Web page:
Oh, dear life. Have reunited with Alice Munro—after months and months and months of pointedly avoiding this beautiful [and expensive] hardcover, telling myself over and over that I could wait, I could, I could. But here I am, alone once again in the Fortress, and reading Madame Munro’s short stories. (And I admit that I am finding comfort in the heft of this book, it’s very tactility: The crude brush of the deckle-edge against my fingers, the rasp of the paper, its slightly sick-sweet smell; the weight.)
I’ve only read five of the stories thus far, but it was easy to slip into Munro’s telling. More than the generosity of her stories, more than the scope—nothing short of meandering at times, the reader would be justified in suspecting—it’s this uncanny carriage among Munro’s people. There’s always this grace with her stories, borne (I’m whimsical enough to think) of how her characters will themselves to remain still under duress. So: The illusion of grace, then—but the illusion is more than enough. In the face of some keen shame, an unforeseen mortification, a half-expected disappointment.
See how in, the first story, “To Reach Japan,” we first find a housewife bidding her husband goodbye—“The smile for his wife seemed hopeful and trusting, with some sort of determination about it.”—and then we find her (as she was months ago) all but lost in a party she should not have come to, all those people unknown to her. And then, drunk with criminal liquor, she is brought home by a complete stranger. And here’s when that blend of sadness and illicit hope comes to the fore—oddly enough, with a perceived setdown. I could feel myself blush with her shame:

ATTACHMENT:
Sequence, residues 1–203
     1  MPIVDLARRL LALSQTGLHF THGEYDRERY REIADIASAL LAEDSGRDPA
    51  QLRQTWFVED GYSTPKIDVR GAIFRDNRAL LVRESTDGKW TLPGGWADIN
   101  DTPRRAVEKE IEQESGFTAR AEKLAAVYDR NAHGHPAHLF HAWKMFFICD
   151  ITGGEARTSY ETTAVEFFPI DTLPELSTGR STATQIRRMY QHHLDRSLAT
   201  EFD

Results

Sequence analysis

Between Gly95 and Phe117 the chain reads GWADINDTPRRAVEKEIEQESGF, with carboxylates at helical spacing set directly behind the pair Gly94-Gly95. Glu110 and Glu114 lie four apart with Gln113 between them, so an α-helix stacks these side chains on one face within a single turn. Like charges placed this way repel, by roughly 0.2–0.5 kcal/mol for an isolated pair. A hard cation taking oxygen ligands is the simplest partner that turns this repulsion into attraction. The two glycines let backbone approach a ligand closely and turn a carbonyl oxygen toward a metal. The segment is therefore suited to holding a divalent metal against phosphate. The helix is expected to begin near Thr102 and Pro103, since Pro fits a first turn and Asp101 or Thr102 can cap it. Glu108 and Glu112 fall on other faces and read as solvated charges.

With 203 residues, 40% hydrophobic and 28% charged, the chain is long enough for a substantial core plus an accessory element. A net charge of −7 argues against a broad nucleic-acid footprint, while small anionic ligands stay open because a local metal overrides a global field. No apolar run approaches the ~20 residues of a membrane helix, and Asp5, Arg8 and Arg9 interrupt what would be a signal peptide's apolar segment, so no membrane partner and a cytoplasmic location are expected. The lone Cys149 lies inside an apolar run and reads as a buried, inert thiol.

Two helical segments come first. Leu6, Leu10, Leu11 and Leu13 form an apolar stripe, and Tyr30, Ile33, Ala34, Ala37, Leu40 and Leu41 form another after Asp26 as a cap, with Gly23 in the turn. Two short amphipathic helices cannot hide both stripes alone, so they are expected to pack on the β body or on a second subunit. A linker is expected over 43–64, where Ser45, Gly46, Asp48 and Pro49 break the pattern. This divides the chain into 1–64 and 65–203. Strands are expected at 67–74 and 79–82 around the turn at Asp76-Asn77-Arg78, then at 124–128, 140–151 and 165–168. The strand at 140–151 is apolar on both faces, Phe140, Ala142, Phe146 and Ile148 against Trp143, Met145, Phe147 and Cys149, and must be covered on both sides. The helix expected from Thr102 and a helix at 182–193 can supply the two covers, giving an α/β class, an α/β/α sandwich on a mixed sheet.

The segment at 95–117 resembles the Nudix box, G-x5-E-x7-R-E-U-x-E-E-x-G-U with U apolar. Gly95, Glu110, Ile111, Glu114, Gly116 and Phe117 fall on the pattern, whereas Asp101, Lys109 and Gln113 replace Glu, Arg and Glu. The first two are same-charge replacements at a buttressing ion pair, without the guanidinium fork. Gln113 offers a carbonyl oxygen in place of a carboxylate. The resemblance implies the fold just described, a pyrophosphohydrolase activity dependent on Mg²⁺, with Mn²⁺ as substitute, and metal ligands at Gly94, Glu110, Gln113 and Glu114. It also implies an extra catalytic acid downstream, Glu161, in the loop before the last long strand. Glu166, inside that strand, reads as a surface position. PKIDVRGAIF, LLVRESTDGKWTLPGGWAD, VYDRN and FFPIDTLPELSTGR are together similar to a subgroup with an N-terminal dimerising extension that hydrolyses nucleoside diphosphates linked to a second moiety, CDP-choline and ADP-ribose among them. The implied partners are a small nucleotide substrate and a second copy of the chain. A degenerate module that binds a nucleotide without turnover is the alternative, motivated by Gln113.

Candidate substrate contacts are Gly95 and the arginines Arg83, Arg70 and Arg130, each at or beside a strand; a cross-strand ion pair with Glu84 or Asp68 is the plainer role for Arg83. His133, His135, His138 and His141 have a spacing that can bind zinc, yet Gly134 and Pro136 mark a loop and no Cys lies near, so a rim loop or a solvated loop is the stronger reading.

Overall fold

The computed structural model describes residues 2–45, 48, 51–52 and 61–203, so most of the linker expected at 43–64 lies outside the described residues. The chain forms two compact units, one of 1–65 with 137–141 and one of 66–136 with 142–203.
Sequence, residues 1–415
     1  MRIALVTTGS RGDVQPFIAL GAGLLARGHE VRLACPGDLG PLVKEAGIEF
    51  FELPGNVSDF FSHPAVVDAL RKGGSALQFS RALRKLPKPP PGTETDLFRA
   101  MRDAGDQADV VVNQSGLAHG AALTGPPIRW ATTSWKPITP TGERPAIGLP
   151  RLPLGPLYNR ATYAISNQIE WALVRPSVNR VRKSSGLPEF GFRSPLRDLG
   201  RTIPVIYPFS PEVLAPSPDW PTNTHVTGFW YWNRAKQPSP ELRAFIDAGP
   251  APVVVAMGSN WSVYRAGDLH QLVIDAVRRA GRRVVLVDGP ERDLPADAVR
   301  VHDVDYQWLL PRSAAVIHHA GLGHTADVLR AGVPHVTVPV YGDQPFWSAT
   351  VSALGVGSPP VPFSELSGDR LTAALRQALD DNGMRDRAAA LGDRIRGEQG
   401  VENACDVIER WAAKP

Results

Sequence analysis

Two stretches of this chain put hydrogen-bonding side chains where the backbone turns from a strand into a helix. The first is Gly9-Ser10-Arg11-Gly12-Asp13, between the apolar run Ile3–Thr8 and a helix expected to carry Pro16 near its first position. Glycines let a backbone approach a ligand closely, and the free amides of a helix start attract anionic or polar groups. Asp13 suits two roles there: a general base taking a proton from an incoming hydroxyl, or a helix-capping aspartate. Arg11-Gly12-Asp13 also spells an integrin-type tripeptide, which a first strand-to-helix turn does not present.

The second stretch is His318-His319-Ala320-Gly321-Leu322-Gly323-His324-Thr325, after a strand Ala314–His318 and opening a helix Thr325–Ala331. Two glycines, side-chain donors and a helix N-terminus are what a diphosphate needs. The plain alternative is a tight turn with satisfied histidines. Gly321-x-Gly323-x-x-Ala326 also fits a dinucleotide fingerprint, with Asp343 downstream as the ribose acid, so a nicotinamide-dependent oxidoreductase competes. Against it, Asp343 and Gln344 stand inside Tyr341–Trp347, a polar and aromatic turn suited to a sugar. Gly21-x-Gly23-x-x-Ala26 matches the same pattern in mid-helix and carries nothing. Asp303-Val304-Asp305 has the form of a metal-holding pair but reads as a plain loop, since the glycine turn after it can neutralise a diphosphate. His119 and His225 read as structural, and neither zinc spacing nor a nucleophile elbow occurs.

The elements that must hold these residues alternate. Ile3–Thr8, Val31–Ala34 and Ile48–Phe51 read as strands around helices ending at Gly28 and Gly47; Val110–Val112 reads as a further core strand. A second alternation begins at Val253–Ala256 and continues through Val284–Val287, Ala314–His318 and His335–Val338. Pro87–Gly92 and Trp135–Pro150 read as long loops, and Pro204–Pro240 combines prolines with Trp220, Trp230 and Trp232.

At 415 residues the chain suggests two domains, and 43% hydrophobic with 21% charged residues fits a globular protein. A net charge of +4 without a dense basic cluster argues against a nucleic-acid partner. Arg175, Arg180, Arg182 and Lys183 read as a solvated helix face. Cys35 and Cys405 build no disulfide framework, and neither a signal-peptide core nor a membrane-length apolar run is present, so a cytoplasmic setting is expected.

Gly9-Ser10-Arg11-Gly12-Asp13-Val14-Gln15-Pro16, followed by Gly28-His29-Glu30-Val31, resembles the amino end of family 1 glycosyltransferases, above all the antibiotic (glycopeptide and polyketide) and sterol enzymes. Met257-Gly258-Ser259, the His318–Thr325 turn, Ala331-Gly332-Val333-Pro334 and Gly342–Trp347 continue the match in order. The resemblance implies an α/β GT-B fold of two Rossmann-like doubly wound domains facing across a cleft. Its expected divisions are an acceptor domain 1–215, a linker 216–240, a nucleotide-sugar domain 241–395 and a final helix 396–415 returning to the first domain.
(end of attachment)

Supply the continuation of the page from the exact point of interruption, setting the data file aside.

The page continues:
On Lions Gate Bridge he said, “Excuse me for sounding how I did. I was thinking whether I would or wouldn’t kiss you and I decided I wouldn’t.”
She thought he was saying that there was something about her that didn’t quite measure up to being kissed. The mortification was like being slapped clean back into sobriety.
And then, much later, we find Greta willing it all back to normal:
During the coming fall and winter and spring there was hardly a day when she didn’t think of him. It was like having the very same dream the minute you fell asleep. She would lean her head against the back pillow of the sofa, thinking that she lay in his arms. You would not think that she’d remember his face but it would spring up in detail, the face of a creased and rather tired-looking, satirical, indoor sort of man. Nor was his body lacking, it was presented as reasonably worn but competent, and uniquely desirable.
She nearly wept with longing. Yet all this fantasy disappeared, went into hibernation when Peter came home. Daily affections sprang to the fore then, reliable as ever.
The dream was in fact a lot like the Vancouver weather—a dismal sort of longing, a rainy dreamy sadness, a weight that shifted round the heart.
So what about the rejection of kissing, that might seem an ungallant blow?
She simply cancelled it out. Forgot about it entirely.
In “Amundsen,” we have a schoolteacher caught in the bewildering attention given by the town doctor; in “Leaving Maverley,” we have an upstanding man trying to navigate life, as it comes with his wife’s sickness and the occasional appearances of a girl named Leah; in “Gravel,” we have a child lost in the confusions of the love of the adults around her; in “Haven,” we try to understand worship and devotion in the midst of secret dinner parties and badly orchestrated funerals. Missed connections everywhere, yes, some loneliness, a touch of grief—and that clarion call of hope.
But Munro, damned Munro: Her stories (like myself, good grief) believe in the weight of single—singular!—moments. Or, at the very least, are hyperaware of their power. (All signs point to: You Should Not Be Reading This Book At This Time; but consider me consoled. Allow me to think myself comfortable with the all-too-familiar in-text epiphanies that come, that I must witness.)